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An image spreading on social media appears to have made quite the discovery about President Donald Trump.
The post shows a purported newspaper clipping and makes the claim that Trump’s intelligence quotient was finally discovered, and it’s 73 — just a couple of points away from "intellectually disabled" and far below the average IQ score of 100.
The problem is, the story appears to be manufactured for the purpose of spreading misinformation: The images are miscaptioned and there is no evidence any of its claims are true.
The post was flagged as part of Facebook’s efforts to combat false news and misinformation on its News Feed. (Read more about our partnership with Facebook.)
The headline of the fake story reads: "Trump IQ test results discovered in former NYMA employee’s closet. The result: 73"
The text says:
"The results of an IQ test that President Donald Trump allegedly took during his first year at New York Military Academy have been discovered in a file box in a closet in Brooklyn. According to the test results, Trump’s IQ is 73."
The article goes on to say a man named William Askew Jr. discovered the files while cleaning out his deceased father’s apartment. Askew explains that his father was a school counselor at the military school from 1955 to 1985.
Let’s just get this out of the way: People have been conjecturing about presidential IQs for years, but we found no record of a presidential IQ being made public. Of course, many presidents died before the advent of the modern IQ test, the first versions of which were formulated in the early 1900s.
Not that people haven’t tried to assign IQ numbers to the commanders in chief. In 2006, a University of California at Davis study by psychologist Dean Keith Simonton estimated that the sixth U.S. president, John Quincy Adams, had a genius-level IQ somewhere between 165-175. The study applied an algorithm to presidential performance ratings from historians and political scientists, as well as presidential biographies, surveys and other sources. Simonton’s study ranked Thomas Jefferson as the second-smartest president with an average score between 145-160. John F. Kennedy came in third with estimated results between 138-159.
Trump, both before and after becoming the 45th president, has been known to challenge people to IQ tests, including once bragging that, in a competition with former Secretary of State Rex Tillerson, Trump’s IQ would be higher. He also famously called himself a "very stable genius." But news coverage of such presidential claims have never led to an actual Trump IQ score.
In 2013, when Trump was asked on Twitter what his IQ score was, he tweeted in response, "The highest, a--hole."
Nothing about this viral image changes what we know (or don’t know) about Trump’s IQ. A reverse-image search of the supposed newspaper clipping screenshot revealed no results. Similarly, we could find no articles online or in the Nexis archive of legitimate news sources that discuss the discovery of a Trump IQ score.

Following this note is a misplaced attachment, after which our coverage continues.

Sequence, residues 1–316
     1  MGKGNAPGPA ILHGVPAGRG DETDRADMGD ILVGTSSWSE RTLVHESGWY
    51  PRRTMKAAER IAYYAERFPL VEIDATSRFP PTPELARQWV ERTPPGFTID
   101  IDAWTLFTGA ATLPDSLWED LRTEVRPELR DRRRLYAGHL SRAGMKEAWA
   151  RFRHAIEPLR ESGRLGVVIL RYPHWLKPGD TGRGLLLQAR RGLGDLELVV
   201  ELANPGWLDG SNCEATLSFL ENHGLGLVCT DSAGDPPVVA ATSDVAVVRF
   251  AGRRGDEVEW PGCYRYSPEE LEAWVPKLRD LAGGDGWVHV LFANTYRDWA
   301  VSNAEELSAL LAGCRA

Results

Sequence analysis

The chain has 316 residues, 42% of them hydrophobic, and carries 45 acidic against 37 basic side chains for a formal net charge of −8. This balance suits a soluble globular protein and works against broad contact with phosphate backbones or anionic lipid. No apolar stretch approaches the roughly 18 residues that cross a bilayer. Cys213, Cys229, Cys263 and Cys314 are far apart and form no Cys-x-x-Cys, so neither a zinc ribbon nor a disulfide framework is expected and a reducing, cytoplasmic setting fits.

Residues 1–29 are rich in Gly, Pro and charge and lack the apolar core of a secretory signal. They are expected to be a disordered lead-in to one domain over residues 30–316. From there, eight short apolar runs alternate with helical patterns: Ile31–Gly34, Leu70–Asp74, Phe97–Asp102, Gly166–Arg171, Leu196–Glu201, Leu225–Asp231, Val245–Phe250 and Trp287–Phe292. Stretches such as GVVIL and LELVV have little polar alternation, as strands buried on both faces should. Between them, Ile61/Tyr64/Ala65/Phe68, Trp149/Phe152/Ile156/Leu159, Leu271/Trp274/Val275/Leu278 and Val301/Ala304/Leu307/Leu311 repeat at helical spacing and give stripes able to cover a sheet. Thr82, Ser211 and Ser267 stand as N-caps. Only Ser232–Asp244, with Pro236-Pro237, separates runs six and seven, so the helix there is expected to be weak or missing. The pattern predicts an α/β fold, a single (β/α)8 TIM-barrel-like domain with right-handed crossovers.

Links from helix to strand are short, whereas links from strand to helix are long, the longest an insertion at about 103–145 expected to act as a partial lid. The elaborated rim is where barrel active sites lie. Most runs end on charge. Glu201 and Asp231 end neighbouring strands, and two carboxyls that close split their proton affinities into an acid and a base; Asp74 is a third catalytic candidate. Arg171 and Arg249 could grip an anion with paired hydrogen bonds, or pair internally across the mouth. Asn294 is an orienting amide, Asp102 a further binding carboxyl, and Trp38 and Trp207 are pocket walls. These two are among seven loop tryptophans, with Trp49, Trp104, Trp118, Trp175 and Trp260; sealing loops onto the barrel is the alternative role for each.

That’s important, because if such a story exists –– that the president of the United States once received a 73 IQ test result –– it would not only be found easily on the internet, but the reporting would have been replicated by media organizations around the world. A search with zero results suggests the post is fabricated.
What’s more, the photo of "William Askew Jr." — the man who the post claims discovered the test results in a Brooklyn closet — is actually a photo from an Adobe stock photography website, searchable by the phrase "portrait of an elderly man."
And the image of the man who is supposedly Askew’s father actually depicts Mr. Lawrence W. Hanson, the principal of Grand Forks Central High School in North Dakota in the 1950s.
Jack Serafin, vice president of the Regiment of Graduates for New York Military Academy, attended the school from 1962 to 1967, a period that overlapped with Trump, a 1964 graduate. Serafin told PolitiFact the claim holds no merit.
"It's bogus, NYMA did not give IQ tests and the long time counselor of 30 years, ‘Askew,’ did not exist," Serafin wrote in an email. "The only tests I remember were to gain admittance to the school, like an SAT, that was taken prior to applying."
A screenshot of what appears to be a newspaper clipping claims that Trump has a 73 IQ, according to a test he took when he attended New York Military Academy in the 1960s.
That test never took place, an alumni association leader said, and the newspaper clipping pictured does not exist outside of the meme. The pictures in the post of people involved in the discovery were also cherry-picked and miscaptioned.
This post is Pants on Fire!
Facebook image, May 3, 2019
Vox, IQ, explained in 9 charts, Oct. 10, 2017
TinEye, Reverse-Image Search, May 9, 2019
Donald Trump tweet, June 29, 2013
Washington Post, A brief history of Donald Trump challenging people to IQ tests, Oct. 10, 2017
Washington Post, 50 years later, disagreements over young Trump’s military academy record, Jan. 9, 2016
Grand Forks Central High School, 1950s photos, Accessed May 8, 2019
Adobe Stock Images, Portrait of an elderly man, Accessed May 9, 2019
Snopes, Was Donald Trump’s IQ Measured at 73? May 6, 2019
Email interview, Jack Serafin VP Regiment of Graduates for New York Military Academy, May 13, 2019
for 42 U.S. Chief Executives, By Dean Keith Simonton University of California at Davis; 2006
Washington Post, Trump says he’s a genius. A study found these other presidents actually were, Jan. 7, 2018
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